By Adam Dodge
This weekend I finally did it. I was tired of the sub-par performance. Tired of being forced to redo the same job over and over again to get it right. Just plain tired of nothing working like it should. So I broke down. I had just had enough. This weekend I bought myself a new vacuum.
That’s right, yours truly is the proud owner of a fancy new vacuum cleaner and, believe me, it was well worth the purchase price. The amount of – let’s call it crud – crud that I pulled off my floor was downright sickening. Yet, it was also amazing. Here I thought that I was actually cleaning when vacuuming and all I was doing was tricking myself. Yes indeed, the vacuum was an excellent purchase. As an added bonus, I now have all these new attachments with which to play.
So what does all of this have to do with information security? Plenty. Anyone working in the information security field knows the pain of trying to institute necessary changes and running into the all to frequent wall called “I’ve been doing it this way for X years”. (This wall is also know as “Other organizations are doing it this way”.) Like me with my broken vacuum, people are comfortable with familiarity and often resist changing until absolutely necessary.
One of the tenets that gets tossed around when implementing any type of security controls is to make the process as transparent as possible to the target audience. Generally, we take this to mean that the controls should be hidden away from the end user as much as possible. However, there is a better way. Whenever possible, we need to improve security by implementing solutions that offer minimal differences in all aspects. In other words, replace the broken vacuum with a new one, not a mop.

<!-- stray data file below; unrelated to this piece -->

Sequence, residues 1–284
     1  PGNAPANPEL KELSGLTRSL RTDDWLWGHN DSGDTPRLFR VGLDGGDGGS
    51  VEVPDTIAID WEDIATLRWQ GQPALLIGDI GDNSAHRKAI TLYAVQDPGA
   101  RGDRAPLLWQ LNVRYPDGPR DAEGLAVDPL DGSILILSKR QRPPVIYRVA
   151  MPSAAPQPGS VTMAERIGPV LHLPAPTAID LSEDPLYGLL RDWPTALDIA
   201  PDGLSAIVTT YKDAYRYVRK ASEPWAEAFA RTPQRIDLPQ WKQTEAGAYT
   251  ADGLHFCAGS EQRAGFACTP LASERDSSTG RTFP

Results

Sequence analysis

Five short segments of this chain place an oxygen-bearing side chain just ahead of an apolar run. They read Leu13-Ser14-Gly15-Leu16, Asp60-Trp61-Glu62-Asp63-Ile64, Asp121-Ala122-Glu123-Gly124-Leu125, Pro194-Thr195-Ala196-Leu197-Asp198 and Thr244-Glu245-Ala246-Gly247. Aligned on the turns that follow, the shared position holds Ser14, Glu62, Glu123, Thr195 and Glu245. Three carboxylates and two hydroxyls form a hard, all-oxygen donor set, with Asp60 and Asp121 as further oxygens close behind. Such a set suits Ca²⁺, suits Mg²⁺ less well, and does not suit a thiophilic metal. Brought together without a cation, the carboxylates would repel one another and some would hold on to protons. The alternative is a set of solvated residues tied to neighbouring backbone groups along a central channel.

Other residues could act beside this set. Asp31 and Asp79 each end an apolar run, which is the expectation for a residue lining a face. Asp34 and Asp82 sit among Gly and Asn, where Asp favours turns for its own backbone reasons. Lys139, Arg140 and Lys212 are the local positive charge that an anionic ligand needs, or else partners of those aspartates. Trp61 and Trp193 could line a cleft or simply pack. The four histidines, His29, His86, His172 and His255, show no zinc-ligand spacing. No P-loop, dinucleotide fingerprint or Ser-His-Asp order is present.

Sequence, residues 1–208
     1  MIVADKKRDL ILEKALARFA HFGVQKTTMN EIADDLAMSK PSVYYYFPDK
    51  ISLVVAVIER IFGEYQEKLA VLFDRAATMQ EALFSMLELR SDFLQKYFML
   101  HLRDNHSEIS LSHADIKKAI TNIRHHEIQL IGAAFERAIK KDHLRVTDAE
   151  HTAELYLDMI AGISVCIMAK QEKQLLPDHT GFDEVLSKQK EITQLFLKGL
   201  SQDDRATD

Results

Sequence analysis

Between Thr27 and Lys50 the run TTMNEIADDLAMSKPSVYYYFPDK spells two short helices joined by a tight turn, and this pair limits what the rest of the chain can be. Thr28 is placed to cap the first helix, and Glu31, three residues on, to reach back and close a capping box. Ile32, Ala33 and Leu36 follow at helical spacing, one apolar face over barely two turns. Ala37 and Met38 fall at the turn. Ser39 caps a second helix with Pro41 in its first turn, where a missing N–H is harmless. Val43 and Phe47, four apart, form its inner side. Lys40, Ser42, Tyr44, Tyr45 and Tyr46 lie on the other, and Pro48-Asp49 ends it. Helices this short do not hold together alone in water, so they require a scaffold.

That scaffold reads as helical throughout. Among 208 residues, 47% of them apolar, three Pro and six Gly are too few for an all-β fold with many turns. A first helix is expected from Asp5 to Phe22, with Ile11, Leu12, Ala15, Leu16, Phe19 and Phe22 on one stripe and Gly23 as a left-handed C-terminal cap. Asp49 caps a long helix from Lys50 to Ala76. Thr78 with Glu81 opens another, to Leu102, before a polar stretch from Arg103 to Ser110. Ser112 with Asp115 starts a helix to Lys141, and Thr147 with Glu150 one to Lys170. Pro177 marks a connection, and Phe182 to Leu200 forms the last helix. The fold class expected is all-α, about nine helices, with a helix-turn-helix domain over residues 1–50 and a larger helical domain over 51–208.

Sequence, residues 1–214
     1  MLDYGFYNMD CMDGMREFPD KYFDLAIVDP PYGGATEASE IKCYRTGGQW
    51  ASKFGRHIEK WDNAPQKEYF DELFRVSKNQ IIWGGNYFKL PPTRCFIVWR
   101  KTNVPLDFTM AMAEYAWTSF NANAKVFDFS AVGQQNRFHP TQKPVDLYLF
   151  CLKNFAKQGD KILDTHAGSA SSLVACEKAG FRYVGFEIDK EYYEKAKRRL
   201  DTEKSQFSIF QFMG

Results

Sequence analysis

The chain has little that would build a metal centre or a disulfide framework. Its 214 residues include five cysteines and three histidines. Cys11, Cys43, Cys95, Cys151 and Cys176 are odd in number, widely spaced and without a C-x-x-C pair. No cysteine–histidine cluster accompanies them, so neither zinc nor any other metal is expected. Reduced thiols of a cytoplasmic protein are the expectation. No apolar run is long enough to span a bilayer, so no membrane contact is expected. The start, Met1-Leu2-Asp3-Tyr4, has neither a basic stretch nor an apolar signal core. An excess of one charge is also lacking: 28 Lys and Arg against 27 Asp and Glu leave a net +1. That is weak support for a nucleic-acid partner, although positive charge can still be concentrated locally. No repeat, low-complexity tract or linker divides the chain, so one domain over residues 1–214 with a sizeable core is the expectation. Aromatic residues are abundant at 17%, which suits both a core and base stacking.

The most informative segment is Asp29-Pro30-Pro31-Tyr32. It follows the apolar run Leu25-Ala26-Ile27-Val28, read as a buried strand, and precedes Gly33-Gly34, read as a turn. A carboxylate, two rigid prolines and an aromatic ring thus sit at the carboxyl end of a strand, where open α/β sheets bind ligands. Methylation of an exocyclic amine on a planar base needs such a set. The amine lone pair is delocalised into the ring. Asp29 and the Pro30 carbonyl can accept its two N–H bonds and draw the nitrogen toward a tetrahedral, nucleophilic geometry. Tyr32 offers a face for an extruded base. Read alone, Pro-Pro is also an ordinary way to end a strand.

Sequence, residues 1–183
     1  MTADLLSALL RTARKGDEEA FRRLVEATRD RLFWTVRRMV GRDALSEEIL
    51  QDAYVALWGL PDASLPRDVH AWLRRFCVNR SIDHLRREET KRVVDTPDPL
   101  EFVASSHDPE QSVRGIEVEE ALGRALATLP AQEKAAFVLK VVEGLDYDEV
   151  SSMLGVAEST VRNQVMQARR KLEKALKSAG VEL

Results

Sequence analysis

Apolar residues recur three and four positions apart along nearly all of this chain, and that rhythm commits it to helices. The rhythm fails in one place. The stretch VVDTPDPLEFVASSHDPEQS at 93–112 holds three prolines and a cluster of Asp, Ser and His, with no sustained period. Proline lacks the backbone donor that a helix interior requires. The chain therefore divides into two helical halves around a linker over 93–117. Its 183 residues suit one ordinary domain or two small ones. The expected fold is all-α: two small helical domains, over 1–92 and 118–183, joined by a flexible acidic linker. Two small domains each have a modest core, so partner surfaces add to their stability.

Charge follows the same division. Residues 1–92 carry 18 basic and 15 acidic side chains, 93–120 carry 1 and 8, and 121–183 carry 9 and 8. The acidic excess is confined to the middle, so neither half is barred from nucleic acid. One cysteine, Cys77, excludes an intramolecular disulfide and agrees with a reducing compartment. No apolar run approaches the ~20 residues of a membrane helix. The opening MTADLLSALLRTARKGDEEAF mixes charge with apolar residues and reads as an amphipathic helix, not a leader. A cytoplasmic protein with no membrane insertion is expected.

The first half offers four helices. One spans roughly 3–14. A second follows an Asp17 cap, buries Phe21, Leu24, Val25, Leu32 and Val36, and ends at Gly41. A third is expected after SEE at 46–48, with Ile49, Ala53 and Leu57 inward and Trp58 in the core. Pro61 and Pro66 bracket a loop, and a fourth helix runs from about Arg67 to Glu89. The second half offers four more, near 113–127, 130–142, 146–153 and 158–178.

However, simply because I replaced my old, broken vacuum with a shiny new one does not mean that I will be happy with the purchase. After all, if my new vacuum required complicated setup or extra operating steps (for example, constantly having to change a bag) I would by annoyed. Luckily this was not the case, two screws and an on-off switch equals a happy Adam. The same is true for any new security controls. Replacing a control with a better, yet familiar, control will only lead to frustration and avoidance of the new control.
Of course, new additions are not always a bad thing. For example, my vacuum came with a few attachments that I did not have before. Some of these attachments, like the upholstery cleaner, are welcome additions. (Long, white haired cat plus upholstery equals a chore!) However, other attachments, such as the “electro-static duster”, are not so useful.
The best part is that these additional components do not affect the main operation of the vacuum. The same should hold true for any security improvements we try to implement. Optional services need to be just that, optional. While these geegaws may add value, the main focus of the control needs to be the basic functionality of the control.
So there it is. Frustration with a bad vacuum cleaner leads to thoughts on how the best approach replacing outdate/non-functioning security controls. My mind works in mysterious ways. What are you still doing here? Go out and start selling vacuums at your organization.